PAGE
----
Davin's disruptive conduct continued unabated during the ensuing seven months. On November 8, Davin violated Delta's procedures by selling first class tickets to two passengers holding coach class reservations, though she knew that the first class section was full. Two passengers holding valid first class tickets were consequently given coach seats, and they complained. When Danny Spell, Delta's lead customer service agent, discovered what Davin had done, he reported the incident to the shift supervisor, Henry Jackson, who called Davin into his office to discuss it. During the discussion that followed Davin said that if she had done anything wrong it was getting caught. She also spoke disparagingly of Danny Spell for reporting the incident. Jackson made a memorandum of this meeting and sent it to Delta's station manager at Travis Field, Gary Moore.
On November 20, a Delta employee told Danny Spell that Davin had said she would get Spell fired for reporting the overbooking incident; Spell communicated this information to Moore. Moore immediately placed Davin on six months probation and informed Nordmark of his action. Nordmark considered Davin's threat against Spell a serious matter and launched a thorough investigation of Davin's job performance. He ultimately concluded that Davin's threat against Spell was a typical, although more serious, example of Davin's conduct over the preceding seven years and that Davin should be discharged. He so advised his supervisor, C. A. Thompson, who made the decision to fire Davin.
On November 29, 1978, Delta advised Davin that it was discharging her because of the deleterious impact her conduct had had on its Travis Field staff, her overbooking of first-class passengers on the November 8 flight and her retaliation against Danny Spell for reporting that incident to her superiors.
In December 1978, Davin filed charges with the Equal Employment Opportunity Commission (EEOC) and the Secretary of Labor alleging that Delta was guilty of sex and age discrimination in two respects: first, by failing to promote her from the customer service agent position she held for eleven years and, then, by terminating her employment when she reached 48 years of age. In April 1979, both EEOC and the Secretary rejected these charges and issued right-to-sue letters. Davin thereafter commenced this action seeking reinstatement, back pay and damages.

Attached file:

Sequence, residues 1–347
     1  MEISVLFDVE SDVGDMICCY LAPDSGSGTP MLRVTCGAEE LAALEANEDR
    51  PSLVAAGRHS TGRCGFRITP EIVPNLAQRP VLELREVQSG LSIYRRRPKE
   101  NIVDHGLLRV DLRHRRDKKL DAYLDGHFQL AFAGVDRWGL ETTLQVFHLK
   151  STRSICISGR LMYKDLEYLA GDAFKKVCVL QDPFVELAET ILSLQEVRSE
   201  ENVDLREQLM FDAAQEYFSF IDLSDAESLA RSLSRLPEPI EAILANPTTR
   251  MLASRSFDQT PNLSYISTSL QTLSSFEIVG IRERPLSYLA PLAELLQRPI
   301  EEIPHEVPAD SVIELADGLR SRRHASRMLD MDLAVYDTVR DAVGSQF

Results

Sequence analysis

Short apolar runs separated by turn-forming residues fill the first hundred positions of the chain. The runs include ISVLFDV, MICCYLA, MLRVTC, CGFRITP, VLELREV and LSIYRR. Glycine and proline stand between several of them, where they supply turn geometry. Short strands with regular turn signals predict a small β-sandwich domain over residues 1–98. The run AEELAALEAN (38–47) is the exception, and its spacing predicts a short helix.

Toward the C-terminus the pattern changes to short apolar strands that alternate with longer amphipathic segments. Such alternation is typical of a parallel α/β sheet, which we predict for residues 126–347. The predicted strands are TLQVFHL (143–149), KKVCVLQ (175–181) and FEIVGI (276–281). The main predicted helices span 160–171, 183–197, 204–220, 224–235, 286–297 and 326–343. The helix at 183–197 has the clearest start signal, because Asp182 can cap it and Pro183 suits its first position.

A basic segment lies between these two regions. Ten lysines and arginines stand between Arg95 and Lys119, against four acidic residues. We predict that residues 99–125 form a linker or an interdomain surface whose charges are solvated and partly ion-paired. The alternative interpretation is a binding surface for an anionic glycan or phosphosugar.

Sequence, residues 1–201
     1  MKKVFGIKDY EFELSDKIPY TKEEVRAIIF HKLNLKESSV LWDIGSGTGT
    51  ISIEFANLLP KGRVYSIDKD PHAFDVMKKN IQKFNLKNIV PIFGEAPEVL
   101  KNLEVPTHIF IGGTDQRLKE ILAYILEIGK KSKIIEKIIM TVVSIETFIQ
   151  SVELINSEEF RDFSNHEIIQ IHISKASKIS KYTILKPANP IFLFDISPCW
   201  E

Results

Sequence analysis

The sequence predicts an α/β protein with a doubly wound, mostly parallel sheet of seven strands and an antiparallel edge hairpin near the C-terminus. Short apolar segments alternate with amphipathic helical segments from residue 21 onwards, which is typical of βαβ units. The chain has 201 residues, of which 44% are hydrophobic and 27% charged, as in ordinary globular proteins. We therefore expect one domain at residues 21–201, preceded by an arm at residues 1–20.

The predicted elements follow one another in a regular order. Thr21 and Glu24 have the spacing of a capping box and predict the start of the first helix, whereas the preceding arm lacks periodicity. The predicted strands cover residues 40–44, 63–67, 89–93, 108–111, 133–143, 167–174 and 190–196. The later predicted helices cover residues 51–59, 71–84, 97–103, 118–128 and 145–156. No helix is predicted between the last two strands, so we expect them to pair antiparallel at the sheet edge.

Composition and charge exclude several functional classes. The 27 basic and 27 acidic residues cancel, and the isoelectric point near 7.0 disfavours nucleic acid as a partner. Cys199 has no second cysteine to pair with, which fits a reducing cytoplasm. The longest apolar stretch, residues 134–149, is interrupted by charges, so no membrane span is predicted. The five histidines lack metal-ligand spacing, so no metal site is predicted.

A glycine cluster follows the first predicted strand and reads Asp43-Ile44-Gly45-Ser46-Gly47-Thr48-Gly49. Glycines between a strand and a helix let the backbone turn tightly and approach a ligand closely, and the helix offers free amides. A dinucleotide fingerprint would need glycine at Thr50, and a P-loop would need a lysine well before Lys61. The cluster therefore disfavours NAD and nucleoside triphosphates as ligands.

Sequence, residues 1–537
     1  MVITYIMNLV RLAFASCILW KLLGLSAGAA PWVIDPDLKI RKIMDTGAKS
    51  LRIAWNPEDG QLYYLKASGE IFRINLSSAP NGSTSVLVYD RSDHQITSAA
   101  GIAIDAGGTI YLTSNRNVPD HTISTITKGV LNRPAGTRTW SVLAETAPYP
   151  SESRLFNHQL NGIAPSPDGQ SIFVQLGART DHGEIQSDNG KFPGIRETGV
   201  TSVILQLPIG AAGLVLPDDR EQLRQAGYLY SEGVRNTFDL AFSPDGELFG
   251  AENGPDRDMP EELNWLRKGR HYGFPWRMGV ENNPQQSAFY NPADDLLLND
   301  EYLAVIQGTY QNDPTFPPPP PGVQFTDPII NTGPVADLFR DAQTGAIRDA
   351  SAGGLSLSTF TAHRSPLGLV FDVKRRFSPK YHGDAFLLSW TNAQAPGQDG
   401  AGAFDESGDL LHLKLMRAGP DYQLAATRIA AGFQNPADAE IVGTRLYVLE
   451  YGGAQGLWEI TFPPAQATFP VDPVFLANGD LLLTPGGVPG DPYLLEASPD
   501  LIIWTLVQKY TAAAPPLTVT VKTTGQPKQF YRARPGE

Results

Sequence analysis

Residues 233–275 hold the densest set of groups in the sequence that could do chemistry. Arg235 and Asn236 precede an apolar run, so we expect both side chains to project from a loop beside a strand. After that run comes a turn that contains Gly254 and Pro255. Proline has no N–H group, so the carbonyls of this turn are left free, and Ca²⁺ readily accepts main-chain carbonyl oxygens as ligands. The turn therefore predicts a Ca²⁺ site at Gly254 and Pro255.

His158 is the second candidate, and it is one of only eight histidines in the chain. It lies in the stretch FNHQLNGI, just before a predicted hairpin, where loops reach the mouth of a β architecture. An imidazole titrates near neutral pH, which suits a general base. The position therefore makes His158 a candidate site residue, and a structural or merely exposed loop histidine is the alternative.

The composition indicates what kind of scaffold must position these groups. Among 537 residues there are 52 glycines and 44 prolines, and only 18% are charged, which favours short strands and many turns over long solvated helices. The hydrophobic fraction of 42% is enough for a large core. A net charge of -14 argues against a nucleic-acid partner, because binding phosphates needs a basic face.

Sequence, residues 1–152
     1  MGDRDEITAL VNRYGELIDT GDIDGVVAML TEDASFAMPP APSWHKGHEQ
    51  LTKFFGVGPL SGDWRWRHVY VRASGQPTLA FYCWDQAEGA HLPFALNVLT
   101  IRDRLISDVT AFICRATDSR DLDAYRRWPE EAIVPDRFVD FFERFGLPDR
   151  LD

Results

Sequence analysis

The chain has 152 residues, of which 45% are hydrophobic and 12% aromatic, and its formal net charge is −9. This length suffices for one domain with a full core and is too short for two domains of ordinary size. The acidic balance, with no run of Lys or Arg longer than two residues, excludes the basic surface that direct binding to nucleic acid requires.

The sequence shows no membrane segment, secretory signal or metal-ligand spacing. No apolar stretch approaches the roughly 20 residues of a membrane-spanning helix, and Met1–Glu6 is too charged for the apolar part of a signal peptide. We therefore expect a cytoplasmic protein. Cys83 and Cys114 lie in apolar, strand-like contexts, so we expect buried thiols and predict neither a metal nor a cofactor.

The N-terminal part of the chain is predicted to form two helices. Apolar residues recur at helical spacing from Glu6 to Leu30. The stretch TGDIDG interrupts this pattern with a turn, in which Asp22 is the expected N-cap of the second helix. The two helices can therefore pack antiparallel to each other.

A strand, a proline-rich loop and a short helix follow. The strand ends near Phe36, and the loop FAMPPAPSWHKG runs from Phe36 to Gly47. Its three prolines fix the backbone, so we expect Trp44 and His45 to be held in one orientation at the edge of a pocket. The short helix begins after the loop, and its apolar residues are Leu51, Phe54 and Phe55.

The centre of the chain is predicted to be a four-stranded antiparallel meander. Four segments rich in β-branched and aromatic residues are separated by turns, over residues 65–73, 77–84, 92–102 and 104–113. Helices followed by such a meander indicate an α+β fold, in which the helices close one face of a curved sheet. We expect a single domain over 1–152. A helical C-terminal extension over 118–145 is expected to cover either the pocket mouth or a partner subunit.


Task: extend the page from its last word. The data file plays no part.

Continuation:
Davin's complaint repeated the allegations she had made in the administrative proceedings before EEOC and the Secretary of Labor: that Delta had discriminated against her on account of her sex, in violation of Title VII of the Civil Rights Act of 1964, 42 U.S.C. § 2000e-2(a) (1976) (Title VII), and because of her age, in violation of the Age Discrimination in Employment Act of 1967, 29 U.S.C. § 623(a) (1976). Davin also alleged that Delta violated section 2 (Fourth) of the Railway Labor Act, 45 U.S.C. § 152 (Fourth) (1976),1 by discharging her for participating in the charges made against Tom Vaiden. Finally, Davin alleged in a pendent state law claim that Delta had defamed her character. After the parties joined issue, a jury was impaneled to try Davin's claims of age discrimination and defamation of character and to advise the court, pursuant to Fed.R.Civ.P. 39(c), on the claims of sex discrimination and protected labor activity.2 Both sides presented evidence, and the jury found for Delta on all issues. Judgment was entered pursuant to the jury's verdicts on the age discrimination and defamation claims.